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American Pipit, Len Jellicoe
Photo © Len Jellicoe

Photo: Len Jellicoe
Breeding evidence - American Pipit
Breeding evidence
Probability of observation - American Pipit
Probability of observation
Elevation plot - American Pipit
Elevation plot

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American Pipit
Anthus rubescens
Landscape associations:

Click on plot to view table of mean abundance
Elevation range:
23 - 2383 m
Conserv. status:
Not at risk
Global importance
of B.C. population:
Number of squares
ConfirmedProbablePossiblePoint counts
76 42 100 58
Long-term BBS trends
RegionYearsTrend (conf. interv.) Reliab.
BBS trends are not available for this species

Mean abundance by region

Bird Conservation Regions [plot]
NW Interior ForestBoreal Taiga PlainsGreat BasinNorthern RockiesN. Pacific Rainforest
0.11  0.120.1 0.14
Ecoprovinces [plot]
N. Boreal Mountains Taiga Plains Boreal Plains Georgia Depression Sub-Boreal Interior
0.11     0.11
S. Interior Mountains Central Interior Southern Interior S. Alaska Mountains Coast & Mountains
0.10.14 0.16  0.11

Mean abundance by habitat [plot]

Boreal Altai Fescue AlpineBoreal White and Black SpruceBunchgrassCoastal Douglas-fir
Coastal Mountain-heather AlpineCoastal Western HemlockEngelmann Spruce -- Subalpine FirInterior Cedar -- Hemlock 
Interior Douglas-firInterior Mountain-heather AlpineMontane SpruceMountain Hemlock
Ponderosa PineSpruce -- Willow -- BirchSub-Boreal Pine -- SpruceSub-Boreal Spruce

Characteristics and Range The pipit (Anthus) genus numbers more than 40 species worldwide; the American Pipit is one of only two (the other is the Sprague's Pipit Anthus spragueii) that breed in North America. It is a cryptic, open country bird, readily found on its alpine and tundra breeding grounds only when singing during its parachuting display flight. Three of the four subspecies breed in North America, mostly in Arctic and alpine regions, extending south through the Rocky Mountains to isolated, localised mountain ranges farther south. They migrate short to moderate distances to winter at lower elevations and latitudes across southern and coastal areas of the continent, and south to Central America (Hendricks and Verbeek 2012).

Distribution, Abundance, and Habitat The American Pipit is widely distributed across the province, occurring in most of British Columbia's higher mountain ranges. In general, the pattern of distribution from Atlas records is similar to that depicted in The Birds of British Columbia, but the Atlas discovered the first confirmed breeding on Vancouver Island, and a cluster of records indicating that breeding is widespread in the East Kootenay.

The Probability of Observation model indicated that American Pipits are most likely to be found throughout the Cassiar-Columbia (including Omineca), Rocky and Coast Mountains. Campbell et al. (1997) considered the species was most numerous in the Northern Boreal Mountains and Southern Interior Mountains. Atlas abundance data combined with Pobs results suggest this is still the case, but too few point counts were completed at higher elevations to tease out abundance differences between ecoprovinces. The species is very much commoner above 2,250 m elevation than below.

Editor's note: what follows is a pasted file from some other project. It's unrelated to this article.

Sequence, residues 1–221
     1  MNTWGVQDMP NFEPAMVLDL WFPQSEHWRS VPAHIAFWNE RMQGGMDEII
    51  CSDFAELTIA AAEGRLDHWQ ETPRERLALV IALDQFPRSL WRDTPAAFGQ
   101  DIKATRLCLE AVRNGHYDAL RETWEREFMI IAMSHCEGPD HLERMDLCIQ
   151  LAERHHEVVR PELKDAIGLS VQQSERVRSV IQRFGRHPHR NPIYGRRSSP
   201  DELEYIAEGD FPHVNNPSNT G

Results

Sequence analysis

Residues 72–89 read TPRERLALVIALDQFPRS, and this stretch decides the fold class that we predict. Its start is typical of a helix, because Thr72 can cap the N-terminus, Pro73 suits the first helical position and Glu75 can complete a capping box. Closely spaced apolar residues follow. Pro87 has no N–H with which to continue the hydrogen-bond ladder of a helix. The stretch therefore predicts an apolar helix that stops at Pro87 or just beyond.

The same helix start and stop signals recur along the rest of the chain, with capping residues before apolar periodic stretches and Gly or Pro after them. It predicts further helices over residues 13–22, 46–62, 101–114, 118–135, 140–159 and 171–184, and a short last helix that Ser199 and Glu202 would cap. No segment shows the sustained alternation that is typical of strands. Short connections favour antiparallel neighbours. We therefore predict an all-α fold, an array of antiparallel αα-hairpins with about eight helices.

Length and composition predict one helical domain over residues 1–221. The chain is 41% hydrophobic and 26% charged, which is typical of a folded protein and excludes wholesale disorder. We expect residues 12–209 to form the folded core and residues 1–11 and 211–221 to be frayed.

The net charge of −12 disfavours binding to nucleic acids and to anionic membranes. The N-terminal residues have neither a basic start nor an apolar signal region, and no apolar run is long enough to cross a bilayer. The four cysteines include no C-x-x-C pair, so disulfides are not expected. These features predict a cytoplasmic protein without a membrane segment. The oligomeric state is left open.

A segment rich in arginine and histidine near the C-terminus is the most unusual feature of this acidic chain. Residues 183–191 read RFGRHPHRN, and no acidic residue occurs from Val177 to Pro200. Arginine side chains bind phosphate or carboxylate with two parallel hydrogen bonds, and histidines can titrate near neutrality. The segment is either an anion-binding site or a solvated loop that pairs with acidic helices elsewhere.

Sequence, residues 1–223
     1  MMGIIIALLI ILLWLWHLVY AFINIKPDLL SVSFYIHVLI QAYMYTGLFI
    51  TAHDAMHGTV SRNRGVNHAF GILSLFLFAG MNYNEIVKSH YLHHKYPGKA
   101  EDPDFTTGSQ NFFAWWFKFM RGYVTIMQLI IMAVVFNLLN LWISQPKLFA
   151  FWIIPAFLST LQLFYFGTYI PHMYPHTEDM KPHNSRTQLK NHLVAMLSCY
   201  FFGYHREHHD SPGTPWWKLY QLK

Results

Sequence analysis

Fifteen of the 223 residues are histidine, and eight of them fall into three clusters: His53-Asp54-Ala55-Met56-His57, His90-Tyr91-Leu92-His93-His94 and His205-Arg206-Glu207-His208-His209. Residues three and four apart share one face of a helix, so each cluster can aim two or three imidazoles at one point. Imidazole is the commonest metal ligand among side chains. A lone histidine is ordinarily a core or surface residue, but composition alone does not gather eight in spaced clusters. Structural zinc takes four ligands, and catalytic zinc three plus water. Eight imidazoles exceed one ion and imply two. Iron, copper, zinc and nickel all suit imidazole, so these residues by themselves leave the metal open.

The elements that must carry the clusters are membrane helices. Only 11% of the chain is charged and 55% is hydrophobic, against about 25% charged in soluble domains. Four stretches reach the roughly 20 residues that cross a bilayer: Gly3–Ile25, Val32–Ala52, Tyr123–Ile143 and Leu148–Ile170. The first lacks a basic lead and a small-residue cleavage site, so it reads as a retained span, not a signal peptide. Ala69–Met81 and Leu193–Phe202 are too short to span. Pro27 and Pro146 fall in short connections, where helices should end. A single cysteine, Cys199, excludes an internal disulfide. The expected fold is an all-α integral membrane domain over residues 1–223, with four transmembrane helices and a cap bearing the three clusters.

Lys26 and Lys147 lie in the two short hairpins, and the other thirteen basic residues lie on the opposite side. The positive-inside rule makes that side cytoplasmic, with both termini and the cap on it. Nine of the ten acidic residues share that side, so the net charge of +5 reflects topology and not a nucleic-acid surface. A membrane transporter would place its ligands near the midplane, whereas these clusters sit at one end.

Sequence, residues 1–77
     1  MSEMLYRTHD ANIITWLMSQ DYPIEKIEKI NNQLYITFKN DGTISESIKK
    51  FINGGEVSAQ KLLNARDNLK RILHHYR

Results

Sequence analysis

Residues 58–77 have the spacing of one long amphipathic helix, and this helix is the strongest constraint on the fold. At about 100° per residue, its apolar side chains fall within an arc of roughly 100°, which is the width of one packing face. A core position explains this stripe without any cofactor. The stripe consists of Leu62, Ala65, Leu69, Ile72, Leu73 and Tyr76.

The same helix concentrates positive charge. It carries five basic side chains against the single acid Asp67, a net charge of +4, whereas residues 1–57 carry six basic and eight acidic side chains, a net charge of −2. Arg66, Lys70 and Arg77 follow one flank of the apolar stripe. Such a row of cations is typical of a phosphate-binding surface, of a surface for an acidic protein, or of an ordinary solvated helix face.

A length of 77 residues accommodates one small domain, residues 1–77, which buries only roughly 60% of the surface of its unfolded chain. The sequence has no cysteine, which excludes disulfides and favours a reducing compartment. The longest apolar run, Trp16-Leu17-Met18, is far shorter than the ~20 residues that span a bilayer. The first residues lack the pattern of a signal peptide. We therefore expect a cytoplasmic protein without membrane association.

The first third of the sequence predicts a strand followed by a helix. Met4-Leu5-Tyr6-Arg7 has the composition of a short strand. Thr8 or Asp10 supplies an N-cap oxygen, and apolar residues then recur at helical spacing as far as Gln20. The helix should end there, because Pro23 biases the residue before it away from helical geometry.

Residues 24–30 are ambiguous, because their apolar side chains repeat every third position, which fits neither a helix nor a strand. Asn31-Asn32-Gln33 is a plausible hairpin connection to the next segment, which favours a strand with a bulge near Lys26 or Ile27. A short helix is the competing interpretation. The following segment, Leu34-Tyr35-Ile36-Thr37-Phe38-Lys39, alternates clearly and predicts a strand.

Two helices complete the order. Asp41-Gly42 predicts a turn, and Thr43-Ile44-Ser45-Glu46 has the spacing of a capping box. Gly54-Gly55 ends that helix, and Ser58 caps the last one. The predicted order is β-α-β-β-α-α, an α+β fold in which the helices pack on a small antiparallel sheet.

The American Pipit breeds almost exclusively in alpine habitats, which on the coast can be as low as 600 m (e.g., above the Skeena River mouth), but rise with treeline on two axes, west to east from the coast to the interior, and north-south with decreasing latitude (British Columbia Ministry of Forests 2008). The bird chooses nest sites in well vegetated areas, sheltered by overhangs of turf or stones, and begins nesting as soon as small patches of habitat become snow-free (Campbell et al. 1997).

Conservation and Recommendations The American Pipit population is large; 80% breeds in Canada, but British Columbia's responsibility for global stewardship is relatively low. Trend data indicate a slight decrease since 1970 which has stabilised (Environment Canada 2011). In British Columbia, potential climate-change impacts on vegetation types are the main concern, with a potential 60% reduction in the area of alpine habitat over the next 20 years through colonization by trees and shrubs, and a near-total loss in about 80 years (Hamann and Wang 2006). Suppression of fires that would otherwise periodically lower the treeline compounds this effect.

Peter J. A. Davidson

Recommended citation: Davidson, P.J.A. 2015. American Pipit in Davidson, P.J.A., R.J. Cannings, A.R. Couturier, D. Lepage, and C.M. Di Corrado (eds.). The Atlas of the Breeding Birds of British Columbia, 2008-2012. Bird Studies Canada. Delta, B.C. [14 Jul 2024]

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